Helen-Mary Cawood

Helen-Mary Cawood

Helen-Mary Cawoodis a lecturer and PhD student at the Department of Philosophy, University of the Free State, South Africa. Her interest in Critical Philosophy of Sport is supplemented by her having played various sports at different levels of competition throughout her life, and in her studies her two main interests (Philosophy and football) are able to overlap.


The concept of ‘modern football’ has been broadly defined as the sanitation of football chanting to adhere to politically correct standards, the eradication of the socio-historical identity of clubs and a perceived disregard for fans and their traditions, often manifesting as a commercialisation of club and fan identity. Slogans such as ‘Supporters Not Customers’, ‘For the Love, not the Money’, and ‘No to modern soccer’ have become synonymous with fan protests, especially with regard to the globalisation and subsequent commoditisation of a space which was traditionally seen as home. Using genealogical and critical discourse analysis, I draw upon contemporary theories of cultural memory and its extension into uncritical nostalgia as posited by theorists such as Jan Assman, Jeff Malpas and Svetlana Boym. It is argued that there is an alienation of fans of football clubs caught between traditional-historical identity and a desire for success, resulting in an unreflective space of nostalgia which manifests both as a longing for a different time and a revolt against modern narratives of historicity and progress. This attempt to recapture lost tradition, however, carries the potential risk of enabling a re-emergence of modern ideologies centred around ethnic, religious, national or cultural identities, through a yearning for constructed identity-based bonding. This could and does result in the re-emergence of forms of nationalism, racism, and homophobia amongst certain fan bases. Understanding this sentiment, through the analysis of symbolic discourses within which fan narratives operate, makes salient the sense of yearning for being-at-home, and reveals how new (often hegemonic) traditions take advantage of the sense of collective loss of cohesive identity amongst supporters and their clubs, often for instrumental gain. Deeper reflection upon nostalgia could encourage a critical exploration of tradition by both fans and clubs in addressing the deep disconnect between these parties within ‘modern football’.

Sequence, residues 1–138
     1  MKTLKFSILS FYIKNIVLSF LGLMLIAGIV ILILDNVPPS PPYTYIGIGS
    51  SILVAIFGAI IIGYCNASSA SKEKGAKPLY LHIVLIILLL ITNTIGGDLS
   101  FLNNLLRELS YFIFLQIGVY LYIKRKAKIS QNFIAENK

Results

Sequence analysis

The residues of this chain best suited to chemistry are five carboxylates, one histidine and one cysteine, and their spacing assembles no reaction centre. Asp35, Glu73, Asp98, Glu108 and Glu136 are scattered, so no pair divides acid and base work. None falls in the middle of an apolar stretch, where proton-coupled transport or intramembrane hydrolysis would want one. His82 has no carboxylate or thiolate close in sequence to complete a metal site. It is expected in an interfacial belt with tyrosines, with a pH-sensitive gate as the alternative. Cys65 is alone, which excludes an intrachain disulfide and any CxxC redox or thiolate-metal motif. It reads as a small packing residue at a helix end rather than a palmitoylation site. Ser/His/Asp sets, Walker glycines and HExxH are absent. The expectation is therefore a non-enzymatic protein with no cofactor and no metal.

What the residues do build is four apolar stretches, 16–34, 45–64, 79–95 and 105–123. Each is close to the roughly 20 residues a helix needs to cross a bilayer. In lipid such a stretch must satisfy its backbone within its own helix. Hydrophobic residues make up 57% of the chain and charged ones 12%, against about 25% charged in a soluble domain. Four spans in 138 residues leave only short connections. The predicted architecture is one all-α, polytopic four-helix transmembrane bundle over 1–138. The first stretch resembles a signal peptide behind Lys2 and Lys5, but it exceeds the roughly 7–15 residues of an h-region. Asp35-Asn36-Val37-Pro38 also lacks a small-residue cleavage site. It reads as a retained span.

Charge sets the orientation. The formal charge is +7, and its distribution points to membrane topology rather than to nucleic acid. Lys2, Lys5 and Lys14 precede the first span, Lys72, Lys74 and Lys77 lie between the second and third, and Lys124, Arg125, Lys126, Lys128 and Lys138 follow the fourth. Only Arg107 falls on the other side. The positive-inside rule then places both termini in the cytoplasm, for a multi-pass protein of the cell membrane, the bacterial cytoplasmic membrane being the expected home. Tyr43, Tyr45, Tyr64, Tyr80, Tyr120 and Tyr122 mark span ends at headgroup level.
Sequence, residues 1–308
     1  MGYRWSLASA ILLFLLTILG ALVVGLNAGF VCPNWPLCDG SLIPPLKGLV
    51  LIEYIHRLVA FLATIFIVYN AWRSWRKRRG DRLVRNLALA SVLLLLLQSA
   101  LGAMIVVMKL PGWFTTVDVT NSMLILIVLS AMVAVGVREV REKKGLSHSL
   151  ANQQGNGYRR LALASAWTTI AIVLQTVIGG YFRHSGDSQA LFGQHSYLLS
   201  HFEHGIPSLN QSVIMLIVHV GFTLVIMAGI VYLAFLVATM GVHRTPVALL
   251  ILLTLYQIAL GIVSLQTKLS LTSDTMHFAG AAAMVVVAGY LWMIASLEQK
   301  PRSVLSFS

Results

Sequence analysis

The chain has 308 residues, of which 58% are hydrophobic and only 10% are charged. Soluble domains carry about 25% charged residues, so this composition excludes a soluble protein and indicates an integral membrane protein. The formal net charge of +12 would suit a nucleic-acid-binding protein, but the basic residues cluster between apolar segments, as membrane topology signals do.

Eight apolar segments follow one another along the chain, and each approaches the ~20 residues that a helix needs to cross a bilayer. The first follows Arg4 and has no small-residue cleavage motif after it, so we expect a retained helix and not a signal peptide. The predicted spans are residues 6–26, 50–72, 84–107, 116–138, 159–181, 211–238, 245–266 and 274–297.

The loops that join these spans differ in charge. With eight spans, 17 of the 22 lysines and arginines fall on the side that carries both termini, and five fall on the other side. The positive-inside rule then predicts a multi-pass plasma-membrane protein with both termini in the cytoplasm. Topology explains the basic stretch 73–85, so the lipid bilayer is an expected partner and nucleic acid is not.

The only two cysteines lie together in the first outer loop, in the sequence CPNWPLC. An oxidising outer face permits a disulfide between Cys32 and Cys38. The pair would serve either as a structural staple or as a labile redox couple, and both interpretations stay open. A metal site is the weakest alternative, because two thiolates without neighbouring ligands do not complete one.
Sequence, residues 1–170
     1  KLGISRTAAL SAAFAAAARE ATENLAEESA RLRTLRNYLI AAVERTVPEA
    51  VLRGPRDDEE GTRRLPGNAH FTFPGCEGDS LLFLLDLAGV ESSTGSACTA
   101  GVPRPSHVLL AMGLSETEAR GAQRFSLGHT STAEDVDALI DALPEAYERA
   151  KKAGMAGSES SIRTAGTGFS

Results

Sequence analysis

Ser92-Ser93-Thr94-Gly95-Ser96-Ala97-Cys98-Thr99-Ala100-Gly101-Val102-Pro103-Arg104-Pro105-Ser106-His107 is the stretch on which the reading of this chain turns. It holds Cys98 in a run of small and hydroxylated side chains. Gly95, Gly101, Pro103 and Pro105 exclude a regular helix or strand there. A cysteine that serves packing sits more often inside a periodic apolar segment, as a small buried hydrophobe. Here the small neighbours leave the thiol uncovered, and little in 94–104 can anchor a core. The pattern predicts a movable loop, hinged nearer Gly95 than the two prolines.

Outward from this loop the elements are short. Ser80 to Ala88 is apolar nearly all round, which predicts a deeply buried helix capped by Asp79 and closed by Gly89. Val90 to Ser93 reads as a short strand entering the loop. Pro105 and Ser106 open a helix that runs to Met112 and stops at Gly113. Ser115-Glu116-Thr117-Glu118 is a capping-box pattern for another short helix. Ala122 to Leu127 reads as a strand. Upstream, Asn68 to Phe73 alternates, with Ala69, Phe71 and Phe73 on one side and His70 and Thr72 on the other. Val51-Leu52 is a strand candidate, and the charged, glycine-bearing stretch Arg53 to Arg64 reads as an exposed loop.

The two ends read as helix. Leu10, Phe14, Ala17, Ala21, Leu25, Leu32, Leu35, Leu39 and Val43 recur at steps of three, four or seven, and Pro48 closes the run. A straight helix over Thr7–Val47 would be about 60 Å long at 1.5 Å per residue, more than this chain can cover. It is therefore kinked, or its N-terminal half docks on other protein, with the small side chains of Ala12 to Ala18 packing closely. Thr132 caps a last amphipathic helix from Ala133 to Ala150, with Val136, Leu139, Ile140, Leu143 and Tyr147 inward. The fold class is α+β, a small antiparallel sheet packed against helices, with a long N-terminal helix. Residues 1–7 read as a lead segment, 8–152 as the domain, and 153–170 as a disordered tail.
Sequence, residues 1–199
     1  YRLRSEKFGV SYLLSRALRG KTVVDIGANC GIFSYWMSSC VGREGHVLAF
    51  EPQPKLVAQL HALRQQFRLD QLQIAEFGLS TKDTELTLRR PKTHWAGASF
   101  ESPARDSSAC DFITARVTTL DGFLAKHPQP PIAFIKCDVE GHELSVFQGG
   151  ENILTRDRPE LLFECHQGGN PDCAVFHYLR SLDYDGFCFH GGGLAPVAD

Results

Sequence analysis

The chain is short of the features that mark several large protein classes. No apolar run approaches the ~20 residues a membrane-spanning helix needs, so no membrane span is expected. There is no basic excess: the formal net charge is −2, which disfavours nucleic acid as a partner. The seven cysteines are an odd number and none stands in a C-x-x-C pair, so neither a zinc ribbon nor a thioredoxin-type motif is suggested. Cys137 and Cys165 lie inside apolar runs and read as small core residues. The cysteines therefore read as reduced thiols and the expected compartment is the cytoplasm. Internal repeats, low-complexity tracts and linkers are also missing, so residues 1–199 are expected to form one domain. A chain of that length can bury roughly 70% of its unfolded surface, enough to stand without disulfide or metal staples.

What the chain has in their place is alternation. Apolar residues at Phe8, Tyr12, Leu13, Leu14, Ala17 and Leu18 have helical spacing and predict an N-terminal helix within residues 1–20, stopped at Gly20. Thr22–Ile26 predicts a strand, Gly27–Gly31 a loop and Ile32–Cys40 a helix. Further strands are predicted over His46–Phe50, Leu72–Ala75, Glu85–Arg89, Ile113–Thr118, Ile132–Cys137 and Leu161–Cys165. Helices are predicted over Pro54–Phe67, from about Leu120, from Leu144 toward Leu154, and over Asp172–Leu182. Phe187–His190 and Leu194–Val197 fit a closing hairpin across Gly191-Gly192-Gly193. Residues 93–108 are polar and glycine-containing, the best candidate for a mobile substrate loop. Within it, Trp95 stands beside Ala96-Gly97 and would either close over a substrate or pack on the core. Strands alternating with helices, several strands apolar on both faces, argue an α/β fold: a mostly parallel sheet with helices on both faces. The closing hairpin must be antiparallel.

Subscribe to stay informed

Our Partners & Sponsors